Money is great. When you're running a startup, money is spectacular. A sizable runway is downright euphoric.

To be profitable and self-sustaining is the pinnacle of achievement in the business world. Who wouldn't want that? I've certainly heard some people (i.e. Silicon Valley types) talk as though money grows on trees. One particular choice quote: "I ask myself, 'How much money would I need to not worry at all?' That's how much I raise."

Sounds like a pretty solid strategy. However, for those of us mere mortals who didn't invent PayPal, SnapChat or Twitter, unlimited venture funds aren't exactly easy to attain.

Suppose you're pre-revenue. You're starting to feel the burn of your burn rate. You know that, without a sizable runway, your valuable team may be on the lookout for more security.

This can make the idea of raising money become all-consuming. However, before you drop everything and run out to raise money, it's sensible to consider how this could actually derail your business.

Raising money takes time, significant effort, and substantial mindshare from your company's leadership. Beyond that, raising money at the wrong time can have dire consequences. You may give away too much equity and end up losing control, not to mention the fact that taking your focus off your business itself can impact momentum at a time when it's most important.

My partners and I have bootstrapped our last four businesses, including Ultra Mobile, where I currently serve as CEO. We did raise a small "family and friends" round, which we've kept as a backup but, even without using that, we've been able to grow to $118 million in revenue in our first three years.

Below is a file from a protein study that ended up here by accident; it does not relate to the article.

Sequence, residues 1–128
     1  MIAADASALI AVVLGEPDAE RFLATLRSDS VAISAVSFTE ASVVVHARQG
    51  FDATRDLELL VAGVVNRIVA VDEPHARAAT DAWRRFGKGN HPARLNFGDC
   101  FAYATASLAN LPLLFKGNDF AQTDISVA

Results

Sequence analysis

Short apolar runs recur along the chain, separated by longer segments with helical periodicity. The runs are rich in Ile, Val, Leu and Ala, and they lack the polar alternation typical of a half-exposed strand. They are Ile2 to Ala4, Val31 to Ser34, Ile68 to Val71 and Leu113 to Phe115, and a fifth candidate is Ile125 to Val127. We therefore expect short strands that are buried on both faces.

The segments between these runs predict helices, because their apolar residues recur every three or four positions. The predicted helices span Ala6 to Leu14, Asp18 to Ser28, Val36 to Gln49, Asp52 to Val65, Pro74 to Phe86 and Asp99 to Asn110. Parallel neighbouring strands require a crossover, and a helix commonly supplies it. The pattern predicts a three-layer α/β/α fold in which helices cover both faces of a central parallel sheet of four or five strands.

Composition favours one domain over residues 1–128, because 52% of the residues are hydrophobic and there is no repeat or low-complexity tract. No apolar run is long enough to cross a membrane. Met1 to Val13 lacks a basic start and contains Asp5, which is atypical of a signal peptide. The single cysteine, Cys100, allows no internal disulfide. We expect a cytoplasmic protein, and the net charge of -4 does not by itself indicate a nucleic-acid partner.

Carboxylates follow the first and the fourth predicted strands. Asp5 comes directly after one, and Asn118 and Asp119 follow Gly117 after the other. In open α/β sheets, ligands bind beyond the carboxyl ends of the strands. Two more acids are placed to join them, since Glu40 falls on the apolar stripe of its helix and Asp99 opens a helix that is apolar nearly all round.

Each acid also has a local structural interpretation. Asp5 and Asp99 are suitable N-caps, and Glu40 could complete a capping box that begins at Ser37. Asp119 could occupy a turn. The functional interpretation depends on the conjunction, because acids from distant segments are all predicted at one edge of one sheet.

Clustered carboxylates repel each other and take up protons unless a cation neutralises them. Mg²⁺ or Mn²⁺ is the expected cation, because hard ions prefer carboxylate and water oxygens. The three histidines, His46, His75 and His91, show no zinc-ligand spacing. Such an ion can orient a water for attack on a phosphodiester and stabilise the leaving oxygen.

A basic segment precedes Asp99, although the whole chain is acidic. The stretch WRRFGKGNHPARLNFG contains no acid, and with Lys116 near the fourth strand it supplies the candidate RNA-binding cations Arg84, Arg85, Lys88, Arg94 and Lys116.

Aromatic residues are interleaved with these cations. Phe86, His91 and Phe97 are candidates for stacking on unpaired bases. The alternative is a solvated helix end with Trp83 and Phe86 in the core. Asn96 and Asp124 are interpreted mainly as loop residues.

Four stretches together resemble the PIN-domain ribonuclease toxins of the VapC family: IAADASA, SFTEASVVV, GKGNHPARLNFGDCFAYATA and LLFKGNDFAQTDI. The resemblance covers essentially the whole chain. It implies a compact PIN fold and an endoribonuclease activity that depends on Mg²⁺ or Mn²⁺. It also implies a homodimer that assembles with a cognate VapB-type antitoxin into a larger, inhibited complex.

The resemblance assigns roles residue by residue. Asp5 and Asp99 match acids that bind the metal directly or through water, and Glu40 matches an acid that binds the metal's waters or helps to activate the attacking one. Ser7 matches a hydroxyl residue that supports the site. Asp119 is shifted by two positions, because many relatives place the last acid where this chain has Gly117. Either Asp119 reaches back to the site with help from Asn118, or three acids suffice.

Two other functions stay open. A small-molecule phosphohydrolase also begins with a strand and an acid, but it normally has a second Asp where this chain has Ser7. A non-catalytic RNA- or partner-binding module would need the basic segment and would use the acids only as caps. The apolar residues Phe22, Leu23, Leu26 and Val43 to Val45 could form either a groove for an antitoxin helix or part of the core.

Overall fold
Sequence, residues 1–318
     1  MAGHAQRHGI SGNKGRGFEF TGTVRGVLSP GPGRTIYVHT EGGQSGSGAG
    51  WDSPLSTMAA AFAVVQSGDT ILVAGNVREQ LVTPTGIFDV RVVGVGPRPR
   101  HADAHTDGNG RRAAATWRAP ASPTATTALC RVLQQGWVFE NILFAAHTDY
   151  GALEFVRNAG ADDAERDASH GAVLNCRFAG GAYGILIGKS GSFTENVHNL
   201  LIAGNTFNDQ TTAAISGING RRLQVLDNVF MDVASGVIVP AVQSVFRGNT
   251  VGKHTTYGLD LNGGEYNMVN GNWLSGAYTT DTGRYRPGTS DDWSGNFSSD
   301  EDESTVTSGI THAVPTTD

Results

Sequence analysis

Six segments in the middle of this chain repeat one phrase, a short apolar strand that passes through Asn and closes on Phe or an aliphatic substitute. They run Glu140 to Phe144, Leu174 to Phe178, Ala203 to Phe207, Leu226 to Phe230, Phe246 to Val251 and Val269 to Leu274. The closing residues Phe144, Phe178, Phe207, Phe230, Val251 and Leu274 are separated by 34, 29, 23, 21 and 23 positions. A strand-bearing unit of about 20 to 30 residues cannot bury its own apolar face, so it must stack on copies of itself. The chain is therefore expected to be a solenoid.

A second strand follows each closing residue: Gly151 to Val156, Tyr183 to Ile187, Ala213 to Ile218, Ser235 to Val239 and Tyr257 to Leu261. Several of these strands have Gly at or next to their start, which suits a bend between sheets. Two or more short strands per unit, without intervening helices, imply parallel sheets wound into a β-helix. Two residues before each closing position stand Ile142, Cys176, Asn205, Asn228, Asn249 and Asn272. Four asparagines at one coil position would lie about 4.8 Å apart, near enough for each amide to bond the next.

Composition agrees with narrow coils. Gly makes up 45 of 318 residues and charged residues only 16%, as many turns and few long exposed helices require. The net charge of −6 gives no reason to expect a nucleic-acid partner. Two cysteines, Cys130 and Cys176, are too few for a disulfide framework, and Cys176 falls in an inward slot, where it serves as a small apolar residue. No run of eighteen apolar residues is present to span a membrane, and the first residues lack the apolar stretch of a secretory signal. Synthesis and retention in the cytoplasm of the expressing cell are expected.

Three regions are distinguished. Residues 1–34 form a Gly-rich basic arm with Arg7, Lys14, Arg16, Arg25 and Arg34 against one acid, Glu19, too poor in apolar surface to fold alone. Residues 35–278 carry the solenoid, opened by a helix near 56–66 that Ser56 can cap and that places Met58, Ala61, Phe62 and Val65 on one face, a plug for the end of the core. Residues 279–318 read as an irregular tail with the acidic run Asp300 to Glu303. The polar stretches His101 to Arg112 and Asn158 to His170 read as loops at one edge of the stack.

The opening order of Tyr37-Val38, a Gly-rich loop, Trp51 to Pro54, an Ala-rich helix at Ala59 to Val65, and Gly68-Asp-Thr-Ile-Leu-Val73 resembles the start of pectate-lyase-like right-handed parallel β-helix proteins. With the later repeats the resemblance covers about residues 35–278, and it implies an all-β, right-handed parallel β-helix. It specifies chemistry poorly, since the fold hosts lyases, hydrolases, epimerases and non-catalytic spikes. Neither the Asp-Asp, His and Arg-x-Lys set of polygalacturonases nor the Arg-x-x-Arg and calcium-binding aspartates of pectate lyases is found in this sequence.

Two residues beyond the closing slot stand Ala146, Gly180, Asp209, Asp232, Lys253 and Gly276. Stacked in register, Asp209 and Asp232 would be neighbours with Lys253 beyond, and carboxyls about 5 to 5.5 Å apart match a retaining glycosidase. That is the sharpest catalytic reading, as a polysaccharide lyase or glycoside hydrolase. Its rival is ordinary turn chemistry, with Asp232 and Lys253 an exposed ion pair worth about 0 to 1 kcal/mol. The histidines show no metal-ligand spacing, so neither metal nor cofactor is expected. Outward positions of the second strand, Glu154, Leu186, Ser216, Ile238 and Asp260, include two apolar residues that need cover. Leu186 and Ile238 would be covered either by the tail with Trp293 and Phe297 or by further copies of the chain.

I always advise startup founders to first consider if they can tighten up their operations, find ways to monetize sooner and get on the path to break even, and allow their bootstrapping to carry them further -- or possibly all the way.

But if you do decide to go out and fundraise, here are some important rules to keep in mind:

1. Only raise if you have two or more leaders.

This allows duties to be split up and thus they become significantly more manageable. One person can focus on the business, and the other(s) can focus on the raising, or any combination thereof. Once the Deal Stage is reached, all leaders should become involved, but never sooner.

2. Don't wait until you're desperate to raise money.

If you put off fundraising until you're critically in the red, you'll have lost all power at the negotiating table. You don't want to feel forced to take an unfavorable deal just to keep your dream alive.

3. Don't raise money too soon.

You want to have a proof of concept to ensure the money is going towards growth, rather than validation. When experimenting with money, it's hard to know what you need but, once you have a proven concept, it becomes about fueling growth.

4. The better you're doing, the more you should focus on raising money.

The best time for raising funds is when you don't need the money but know you can grow a lot faster with it.

For instance, you've proven your customer unit economics and know that the amount you pay to acquire a customer will be returned with interest. If you're in a market where hitting a critical scale is important to your unit economics,  where you have a lot of competition or where you have a product that adheres to the Network Effect (i.e., it becomes more valuable as more people use it), this becomes especially true.

Last year, my partners and I incubated a new product that adheres to the Network Effect: a messaging app called Primo Connect. It's in a competitive market, and it requires scale in order for a number of our planned business models to work.

We built the product, we launched it to a public beta, and we've proven our model. Now, we are looking to raise money since we're at a position where accelerating growth is crucial. In the meantime, we've delegated responsibilities, with certain people focused on the business and others on the funding to ensure we don't lose the traction that we're building so carefully.

Even though I'm a longtime bootstrapper, I do believe there is a time and place for raising funds. But that time and place has to make sense because you shouldn't jeopardize your business by spending all your time looking for money.

After all, shouldn't your business be the one making the money?